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social time, friends and acquaintances grouping together in squads as circumstances favored.
At night was a grand exhibition of fireworks, which was witnessed by an immense crowd of people. But unfortunately for a full fruition of great and well founded expectations, the electic fireworks of the clouds began to illuminate the western horizon early in the evening, and warn the people that time nor thunder storms waited not for man nor for any public gathering. The people stood their ground, however, in the face of the ominous thunder and lightning until about the last minute, when there was a simul. taneous start for home.
Taking it all in all, was an occasion of which eastern Mason county may well feel proud, in that despite the wind and weather they did their duty towards commemorating the Great Centennial Fourth, and if any failed to find in it all we promised in a rather extravagant article on the subject last week, we charge it more to their lack of appreciation, hearing and eyesight, than to an overwrought imagination from exaggeration on our part; and if we should be editing the Independent when the next centennial comes round, and you, kind readers, should be the readers of it, we will make all right then whatever may have been amiss this time.
In presenting the biographies of present residents and the former EARLY residents of Mason county, we have taken representatives of three divisions of subjects, viz: Old settlers who were early identified with the settlement of the country and have passed away; secondly, old settlers identified with the interests of the county who are still living; and thirdly, the representatives of the business interests of the county at the present time. In these I have taken subjects from all lines of business and professions, without regard to wealth or official position, but to present briefly all the different divisions above stated.
Lyman Lacy was born in Tompkins county, New York, May 9, 1832. He is the son of John and Cloe (Hurd) Lacy, who removed to Michigan in 1836, and in 1837 settled in Fulton county, Illinois. His preliminary education was acquired in the public schools of Illinois, whence he was transferred to Illinois College, at Jacksonville, from which institution he graduated in 1855. In the same year he commenced the study of law at Lewistown, with Hon. L. W. Ross, and in 1856 was admitted to the bar.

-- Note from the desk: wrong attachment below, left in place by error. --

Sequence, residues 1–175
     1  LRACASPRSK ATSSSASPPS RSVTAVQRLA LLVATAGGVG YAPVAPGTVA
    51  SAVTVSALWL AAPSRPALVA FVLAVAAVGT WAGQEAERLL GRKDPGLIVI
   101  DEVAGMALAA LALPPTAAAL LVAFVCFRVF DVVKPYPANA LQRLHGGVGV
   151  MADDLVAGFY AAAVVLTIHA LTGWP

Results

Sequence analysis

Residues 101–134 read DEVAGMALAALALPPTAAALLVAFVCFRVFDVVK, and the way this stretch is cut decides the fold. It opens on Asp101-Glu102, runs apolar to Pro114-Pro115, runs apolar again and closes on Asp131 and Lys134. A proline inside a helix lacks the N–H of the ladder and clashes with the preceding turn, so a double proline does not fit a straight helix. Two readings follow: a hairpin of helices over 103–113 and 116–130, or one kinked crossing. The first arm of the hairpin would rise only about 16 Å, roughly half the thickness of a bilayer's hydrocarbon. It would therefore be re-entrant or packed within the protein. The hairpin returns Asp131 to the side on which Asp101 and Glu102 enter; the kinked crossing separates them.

He located in Havana in October, 1856, and continued the practice of law until 1862, when he was elected to the lower House of the Legislature, on the Democratic ticket, to represent the counties of Mason and Menard, and served one term. In June, 1873, he was elected Circuit Judge of the seventeenth district, comprising the counties of Mason, Menard, Logan and DeWitt. He was married May 9, 1860, to Miss Caroline A. Potter, of Beardstown, Illinois, who died September 12, 1863, and he married again, May 19, 1865, to Mattie A. Warner, of Havana.
The official positions held by Judge Lacy have been filled with ability; with great credit to himself and satisfaction to his constituents. His standing as a judge is deservedly high.
JAMES W. KELLY.
The subject of this sketch has been a resident of this county twenty-two years. A practical farmer, a practical business man, and soundness and substantiality are the leading characteristics of his organization. He was born in the State of Delaware, January 8, 1819, and is consequently now in his fifty-eighth year, though his
appearance would indicate ten years less to the casual observer. His avocation is that of a farmer, and a life-long experience has made it, with him, a financial success.
He removed with his parents to Ohio in 1827, and settled in Miama county. During his residence there he married to Miss C. Benham, in 1843, and for thirty-three years have they traveled the journey of life together, with a larger amount of health and comfort than usually falls to the lot of humanity.
They removed to Illinois in 1854, and settled on the farm where they now reside. An interesting family has sprung up about them. Mr. Kelly, in common with other substantial residents of our county, has served a full share in those humble but very important and useful positions of school and township trustee, and is a member of our county Board of Supervisors this centennial year; a body that feels his influence, and is benefited, by and indebted to his judgment and practical business ability.
L. M. HILLYER,